Skip to main content Accessibility help
×
Home
Hostname: page-component-99c86f546-4hcbs Total loading time: 0.709 Render date: 2021-12-08T17:07:41.927Z Has data issue: true Feature Flags: { "shouldUseShareProductTool": true, "shouldUseHypothesis": true, "isUnsiloEnabled": true, "metricsAbstractViews": false, "figures": true, "newCiteModal": false, "newCitedByModal": true, "newEcommerce": true, "newUsageEvents": true }

Book contents

2 - The attainder of Shane O'Neill, Sir Henry Sidney and the problems of Tudor state-building in Ireland

Published online by Cambridge University Press:  31 July 2009

Ciaran Brady
Affiliation:
Senior Lecturer in History, Trinity College, Dublin
Ciaran Brady
Affiliation:
Trinity College, Dublin
Jane Ohlmeyer
Affiliation:
Trinity College, Dublin
Get access

Summary

Why was Shane O'Neill attainted some two years after his death by means of a statute of attainder passed by the Irish parliament which met in January 1569? The answer would appear to be as simple as the question. Shane was attainted because the crown wished to employ the easiest and most comprehensive way of confiscating all of his lands and rights of lordship and the lands and lordships of those, both among the O'Neills and among the other Ulster dynasties, who had pledged allegiance to him. It was a sly move, it has commonly been observed: for after actively opposing all of Shane's tenurial and feudal claims during his lifetime, now that he was dead the English government chose after all to accept such claims at their fullest in order to extract the greatest possible yield. For those seduced by the pleasures of prosecution this mode of explanation has always been enough: perfidious Albion once again supplementing brute force with subtle legal subterfuge.

Yet however vicious and malign England's intentions towards Ireland may be presumed to have been in general, a moment's reflection will suggest that in this particular case the means chosen for such a design were remarkably clumsy. Not only was it unnecessary, as will be demonstrated below, it was also replete with concessions, implicit and explicit, that rendered it quite subversive of its own supposed purpose.

Type
Chapter
Information
Publisher: Cambridge University Press
Print publication year: 2005

Access options

Get access to the full version of this content by using one of the access options below. (Log in options will check for institutional or personal access. Content may require purchase if you do not have access.)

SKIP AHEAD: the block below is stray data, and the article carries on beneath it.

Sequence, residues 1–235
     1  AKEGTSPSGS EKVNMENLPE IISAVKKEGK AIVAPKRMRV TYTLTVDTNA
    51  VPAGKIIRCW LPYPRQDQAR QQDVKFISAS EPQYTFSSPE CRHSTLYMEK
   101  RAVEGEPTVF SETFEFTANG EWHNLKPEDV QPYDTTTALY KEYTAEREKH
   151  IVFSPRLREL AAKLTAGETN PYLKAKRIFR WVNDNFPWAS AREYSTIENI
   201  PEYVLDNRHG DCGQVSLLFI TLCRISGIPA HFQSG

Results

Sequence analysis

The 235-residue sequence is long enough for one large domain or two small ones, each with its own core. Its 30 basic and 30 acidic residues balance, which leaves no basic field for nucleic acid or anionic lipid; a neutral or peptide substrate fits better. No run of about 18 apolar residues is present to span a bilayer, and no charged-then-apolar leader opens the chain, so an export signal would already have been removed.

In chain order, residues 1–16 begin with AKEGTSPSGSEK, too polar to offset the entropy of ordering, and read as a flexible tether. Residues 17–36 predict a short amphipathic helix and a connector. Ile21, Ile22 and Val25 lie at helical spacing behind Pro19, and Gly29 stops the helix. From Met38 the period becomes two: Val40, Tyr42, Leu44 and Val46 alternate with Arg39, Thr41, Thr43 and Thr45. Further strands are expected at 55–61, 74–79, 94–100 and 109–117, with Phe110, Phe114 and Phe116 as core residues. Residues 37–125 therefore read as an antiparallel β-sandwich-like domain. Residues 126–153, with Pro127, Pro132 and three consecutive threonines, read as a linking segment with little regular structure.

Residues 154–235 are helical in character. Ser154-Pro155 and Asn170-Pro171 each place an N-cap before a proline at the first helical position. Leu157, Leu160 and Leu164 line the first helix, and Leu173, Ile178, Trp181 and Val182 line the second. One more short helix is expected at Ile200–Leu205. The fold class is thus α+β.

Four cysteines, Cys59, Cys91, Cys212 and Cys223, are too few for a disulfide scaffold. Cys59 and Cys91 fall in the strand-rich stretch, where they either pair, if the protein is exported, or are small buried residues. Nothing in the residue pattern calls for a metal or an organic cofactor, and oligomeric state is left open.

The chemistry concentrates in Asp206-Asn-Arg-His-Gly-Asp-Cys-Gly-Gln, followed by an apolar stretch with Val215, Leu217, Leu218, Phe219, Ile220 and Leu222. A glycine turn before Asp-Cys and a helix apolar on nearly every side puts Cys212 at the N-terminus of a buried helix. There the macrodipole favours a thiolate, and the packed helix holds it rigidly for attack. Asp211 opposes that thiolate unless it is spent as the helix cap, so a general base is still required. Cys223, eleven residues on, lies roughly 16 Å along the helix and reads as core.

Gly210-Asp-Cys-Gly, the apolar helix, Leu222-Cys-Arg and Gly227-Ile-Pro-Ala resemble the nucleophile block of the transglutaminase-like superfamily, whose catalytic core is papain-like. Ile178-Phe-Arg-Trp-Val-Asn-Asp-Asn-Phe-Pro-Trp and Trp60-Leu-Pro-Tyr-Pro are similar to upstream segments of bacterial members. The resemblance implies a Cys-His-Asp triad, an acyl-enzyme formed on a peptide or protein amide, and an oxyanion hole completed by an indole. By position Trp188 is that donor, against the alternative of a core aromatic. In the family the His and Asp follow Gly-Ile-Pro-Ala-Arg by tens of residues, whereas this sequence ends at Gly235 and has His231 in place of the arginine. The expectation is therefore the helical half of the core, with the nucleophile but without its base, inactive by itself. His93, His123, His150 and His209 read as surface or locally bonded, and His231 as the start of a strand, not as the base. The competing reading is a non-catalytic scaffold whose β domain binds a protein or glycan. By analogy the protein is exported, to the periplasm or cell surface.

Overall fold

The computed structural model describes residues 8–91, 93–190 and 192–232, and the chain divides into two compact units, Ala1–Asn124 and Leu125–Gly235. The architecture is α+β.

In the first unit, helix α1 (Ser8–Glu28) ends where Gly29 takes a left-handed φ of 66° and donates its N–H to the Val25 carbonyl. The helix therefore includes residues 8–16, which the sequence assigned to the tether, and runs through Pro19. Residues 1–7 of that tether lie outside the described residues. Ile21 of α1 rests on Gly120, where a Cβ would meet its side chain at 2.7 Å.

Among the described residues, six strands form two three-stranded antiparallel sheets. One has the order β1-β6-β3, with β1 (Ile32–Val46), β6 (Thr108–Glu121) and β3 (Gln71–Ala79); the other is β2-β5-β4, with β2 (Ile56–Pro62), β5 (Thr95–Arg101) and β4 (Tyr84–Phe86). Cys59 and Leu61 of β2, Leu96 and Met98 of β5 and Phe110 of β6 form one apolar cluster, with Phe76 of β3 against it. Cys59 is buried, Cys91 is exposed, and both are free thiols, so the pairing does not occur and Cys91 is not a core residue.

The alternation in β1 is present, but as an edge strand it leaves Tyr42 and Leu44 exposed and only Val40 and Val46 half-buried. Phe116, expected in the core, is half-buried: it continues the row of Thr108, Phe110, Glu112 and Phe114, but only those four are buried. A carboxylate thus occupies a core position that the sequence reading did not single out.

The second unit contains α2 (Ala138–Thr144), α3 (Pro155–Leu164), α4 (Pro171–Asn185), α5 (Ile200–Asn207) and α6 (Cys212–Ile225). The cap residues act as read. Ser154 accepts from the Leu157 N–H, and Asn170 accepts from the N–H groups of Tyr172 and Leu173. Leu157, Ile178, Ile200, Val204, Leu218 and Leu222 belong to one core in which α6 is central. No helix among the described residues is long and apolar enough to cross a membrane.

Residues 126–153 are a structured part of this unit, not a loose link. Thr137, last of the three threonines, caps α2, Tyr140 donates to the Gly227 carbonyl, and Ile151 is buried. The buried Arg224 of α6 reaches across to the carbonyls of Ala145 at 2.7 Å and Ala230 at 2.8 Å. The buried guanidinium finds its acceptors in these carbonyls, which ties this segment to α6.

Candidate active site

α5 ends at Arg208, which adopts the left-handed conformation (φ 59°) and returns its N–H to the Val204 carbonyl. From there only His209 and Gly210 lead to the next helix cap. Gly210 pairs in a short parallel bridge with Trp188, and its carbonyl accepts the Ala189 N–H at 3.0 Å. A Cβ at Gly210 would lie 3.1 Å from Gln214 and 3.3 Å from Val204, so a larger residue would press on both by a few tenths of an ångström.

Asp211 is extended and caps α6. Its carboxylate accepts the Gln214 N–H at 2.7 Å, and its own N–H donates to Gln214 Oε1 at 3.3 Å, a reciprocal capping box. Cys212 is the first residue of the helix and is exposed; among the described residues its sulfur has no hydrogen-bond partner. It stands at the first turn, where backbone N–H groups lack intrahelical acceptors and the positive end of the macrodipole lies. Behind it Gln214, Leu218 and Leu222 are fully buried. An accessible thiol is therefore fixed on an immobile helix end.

1
Cited by

Send book to Kindle

To send this book to your Kindle, first ensure no-reply@cambridge.org is added to your Approved Personal Document E-mail List under your Personal Document Settings on the Manage Your Content and Devices page of your Amazon account. Then enter the ‘name’ part of your Kindle email address below. Find out more about sending to your Kindle.

Note you can select to send to either the @free.kindle.com or @kindle.com variations. ‘@free.kindle.com’ emails are free but can only be sent to your device when it is connected to wi-fi. ‘@kindle.com’ emails can be delivered even when you are not connected to wi-fi, but note that service fees apply.

Find out more about the Kindle Personal Document Service.

Available formats
×

Send book to Dropbox

To send content items to your account, please confirm that you agree to abide by our usage policies. If this is the first time you use this feature, you will be asked to authorise Cambridge Core to connect with your account. Find out more about sending content to Dropbox.

Available formats
×

Send book to Google Drive

To send content items to your account, please confirm that you agree to abide by our usage policies. If this is the first time you use this feature, you will be asked to authorise Cambridge Core to connect with your account. Find out more about sending content to Google Drive.

Available formats
×